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Mexico is one of the most popular tourist countries on earth and much of the tourist industry is centered around the beach resorts as well as the altiplano in the central part of the country. Its extensive coastlines include the Gulf of Mexico and the Caribbean Sea to the east and the Pacific Ocean to the west. Mexico has nice and warm people, unique food, art and archeology, pyramids, museums, Haciendas, 6,000 miles of shoreline, superb architecture and 21st century cities, weather from snow mountains in the Sierras, to rainy jungles in the Southeast and desert in the Northwest, lots of golf courses throughout the country, excellent fishing, world top destinations like Acapulco, Cancun, Cozumel, Los Cabos, and Patzcuaro. Mexico is ranked 7th major destination for foreigner visitors, according to WTO.
When to go
Mexico is a great tour destination to visit all yearround. Temperatures drop, though, from November to February when it's best to pack a sweater or jacket. In general, altitude is a determining factor, with cooler temperatures at higher elevations (Mexico City, Puebla, San Cristóbal de las Casas) and warmer weather as you descend (Guadalajara, Cuernavaca, Oaxaca).
October and November is perhaps the best time to visit, after the rains have ended and everything is still green. Early spring tends to be hotter and dustier.
Along the Pacific and Caribbean coasts, winters are comfortable, summers very hot and humid, though resorts like Cabo San Lucas benefit from a sea breeze. Late summer months bring heavy rains and the occasional hurricane.
You can find nearly everything you are interested in, from fashionable clothing boutiques to bustling market places selling traditional indigenous crafts. Taxco is renowned for fine jewellery and silverware; Oaxaca for mezcal, alebrijes (fanciful animal figurines) and distinctive black pottery; Saltillo for beautiful sarapes (colour-banded shawls); León for leatherwork and cowboy boots; Mérida, Yucatán for hammocks; and Guerrero state for masks, all of which make great gifts.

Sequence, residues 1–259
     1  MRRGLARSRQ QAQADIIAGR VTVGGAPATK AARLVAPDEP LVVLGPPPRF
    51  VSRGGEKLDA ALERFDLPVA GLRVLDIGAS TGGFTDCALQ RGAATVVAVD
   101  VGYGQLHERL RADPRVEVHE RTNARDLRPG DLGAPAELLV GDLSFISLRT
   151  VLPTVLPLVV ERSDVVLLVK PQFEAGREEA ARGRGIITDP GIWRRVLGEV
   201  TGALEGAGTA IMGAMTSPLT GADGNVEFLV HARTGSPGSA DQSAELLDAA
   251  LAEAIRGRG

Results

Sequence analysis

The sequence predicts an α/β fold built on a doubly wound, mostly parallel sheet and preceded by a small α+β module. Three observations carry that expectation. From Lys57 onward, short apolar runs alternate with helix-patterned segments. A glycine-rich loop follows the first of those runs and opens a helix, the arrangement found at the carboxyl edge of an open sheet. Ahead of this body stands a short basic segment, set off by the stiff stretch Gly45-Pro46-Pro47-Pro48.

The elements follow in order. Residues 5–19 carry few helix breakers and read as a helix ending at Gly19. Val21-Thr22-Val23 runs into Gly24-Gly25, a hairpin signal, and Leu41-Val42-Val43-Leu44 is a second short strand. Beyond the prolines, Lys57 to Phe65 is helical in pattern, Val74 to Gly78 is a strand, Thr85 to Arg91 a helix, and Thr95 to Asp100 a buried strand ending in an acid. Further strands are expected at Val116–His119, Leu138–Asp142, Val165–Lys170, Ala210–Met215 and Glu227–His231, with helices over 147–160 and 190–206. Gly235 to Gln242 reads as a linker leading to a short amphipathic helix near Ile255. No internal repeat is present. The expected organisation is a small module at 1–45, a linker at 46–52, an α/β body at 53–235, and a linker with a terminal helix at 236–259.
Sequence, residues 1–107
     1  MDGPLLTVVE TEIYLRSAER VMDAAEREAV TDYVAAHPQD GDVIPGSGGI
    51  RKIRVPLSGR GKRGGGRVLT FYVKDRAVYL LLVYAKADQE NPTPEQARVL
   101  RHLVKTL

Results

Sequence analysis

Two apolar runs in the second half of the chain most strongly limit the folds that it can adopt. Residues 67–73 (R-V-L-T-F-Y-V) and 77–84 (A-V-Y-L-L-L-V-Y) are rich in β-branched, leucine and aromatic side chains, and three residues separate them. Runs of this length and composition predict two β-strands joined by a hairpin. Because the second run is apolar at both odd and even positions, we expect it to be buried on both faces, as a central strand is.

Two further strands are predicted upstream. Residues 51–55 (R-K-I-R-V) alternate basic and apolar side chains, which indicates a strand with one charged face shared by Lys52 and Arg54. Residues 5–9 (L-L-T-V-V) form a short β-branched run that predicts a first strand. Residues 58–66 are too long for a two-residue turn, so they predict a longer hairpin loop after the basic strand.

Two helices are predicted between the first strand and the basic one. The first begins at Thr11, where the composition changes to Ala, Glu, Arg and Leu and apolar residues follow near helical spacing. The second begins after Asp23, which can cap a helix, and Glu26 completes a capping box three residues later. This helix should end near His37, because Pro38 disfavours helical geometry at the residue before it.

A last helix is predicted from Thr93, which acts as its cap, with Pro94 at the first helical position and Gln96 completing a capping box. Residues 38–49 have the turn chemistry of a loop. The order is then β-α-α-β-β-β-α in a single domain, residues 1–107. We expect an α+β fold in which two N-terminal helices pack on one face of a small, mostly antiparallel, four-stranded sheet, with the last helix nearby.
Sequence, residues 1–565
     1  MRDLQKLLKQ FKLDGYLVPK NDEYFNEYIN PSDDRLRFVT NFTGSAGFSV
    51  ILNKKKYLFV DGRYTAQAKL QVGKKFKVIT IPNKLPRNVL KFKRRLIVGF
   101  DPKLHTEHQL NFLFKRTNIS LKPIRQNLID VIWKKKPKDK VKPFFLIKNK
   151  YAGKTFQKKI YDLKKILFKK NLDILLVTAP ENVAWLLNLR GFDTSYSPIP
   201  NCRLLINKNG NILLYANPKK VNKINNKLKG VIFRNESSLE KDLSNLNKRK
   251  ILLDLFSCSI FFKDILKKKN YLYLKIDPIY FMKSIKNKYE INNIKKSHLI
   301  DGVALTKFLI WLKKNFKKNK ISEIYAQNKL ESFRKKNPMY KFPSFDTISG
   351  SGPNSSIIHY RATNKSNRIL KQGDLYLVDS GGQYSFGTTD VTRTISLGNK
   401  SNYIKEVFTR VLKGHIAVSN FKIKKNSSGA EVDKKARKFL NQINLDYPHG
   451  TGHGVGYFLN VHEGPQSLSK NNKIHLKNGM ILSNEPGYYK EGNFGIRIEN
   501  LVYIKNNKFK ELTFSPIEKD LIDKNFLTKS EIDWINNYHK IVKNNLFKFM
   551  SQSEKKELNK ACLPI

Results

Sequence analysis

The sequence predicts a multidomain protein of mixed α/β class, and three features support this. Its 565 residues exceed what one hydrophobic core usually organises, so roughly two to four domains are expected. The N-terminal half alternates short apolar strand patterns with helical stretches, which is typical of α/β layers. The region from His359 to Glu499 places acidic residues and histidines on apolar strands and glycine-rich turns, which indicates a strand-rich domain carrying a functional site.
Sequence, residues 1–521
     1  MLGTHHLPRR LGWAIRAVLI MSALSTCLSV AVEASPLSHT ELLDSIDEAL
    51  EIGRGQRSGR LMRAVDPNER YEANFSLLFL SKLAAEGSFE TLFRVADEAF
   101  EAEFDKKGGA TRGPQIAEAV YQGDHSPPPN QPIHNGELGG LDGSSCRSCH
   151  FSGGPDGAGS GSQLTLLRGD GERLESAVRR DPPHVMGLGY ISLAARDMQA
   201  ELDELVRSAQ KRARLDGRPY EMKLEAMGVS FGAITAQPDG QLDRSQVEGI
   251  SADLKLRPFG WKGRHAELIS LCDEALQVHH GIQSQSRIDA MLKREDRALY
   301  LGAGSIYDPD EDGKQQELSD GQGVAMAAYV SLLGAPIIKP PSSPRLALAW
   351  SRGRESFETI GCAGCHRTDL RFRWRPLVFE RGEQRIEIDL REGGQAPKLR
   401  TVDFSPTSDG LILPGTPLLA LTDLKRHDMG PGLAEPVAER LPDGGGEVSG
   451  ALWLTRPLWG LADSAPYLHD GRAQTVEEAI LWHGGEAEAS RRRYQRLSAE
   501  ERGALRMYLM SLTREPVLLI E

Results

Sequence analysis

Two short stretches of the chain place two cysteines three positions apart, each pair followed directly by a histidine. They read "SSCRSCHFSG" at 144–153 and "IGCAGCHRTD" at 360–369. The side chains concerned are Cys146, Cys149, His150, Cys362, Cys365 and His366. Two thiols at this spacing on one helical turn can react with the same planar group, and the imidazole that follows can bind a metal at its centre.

Market buildings are fun to explore throughout the country, as much to observe the activity as to pick up souvenirs. La Merced in Mexico City and Mercado La Libertad in Guadalajara are among the biggest, most frenetic markets in the country. However, many Mexicans do their shopping in glitzy, modern malls with all the usual department stores, boutiques and franchises.
Mon-Sat 1000-2000 in big towns and cities; shops in smaller towns may close midday for lunch, usually from 1400 to 1600.
Hotels in Mexico
Hotels are plentiful, from humble guesthouses to large international chains. In between, there are numerous mid-priced establishments. Every hotel in Mexico is required to display officially approved rates for low and high season. For Christmas and Easter seasons, it is quite necessary to book ahead.
Other accommodation in Mexico
Bed and breakfast: They're often in historic homes and lavishly decorated with local fabrics, ceramics and art. They may be humble family-run establishments or posh inns with swimming pools.
Camping: Official campgrounds are generally designed for RV (recreational vehicle) travellers but you may pitch a tent at a reduced rate. Facilities are most easily found at beach resorts, in northern Mexico or other places that see visitors from the US.
Cabañas are generally situated in natural surroundings, such as the Lacandón jungle of Chiapas, the isles of Lake Pátzcuaro in Michoacán, or atop Nevado de Toluca, a volcanic peak west of Mexico City.
As youth and budget travel thrive in Mexico, hostels keep popping up in major towns and along the principal backpacker trails. Many include guest kitchens and informal bars or cafés where travellers congregate.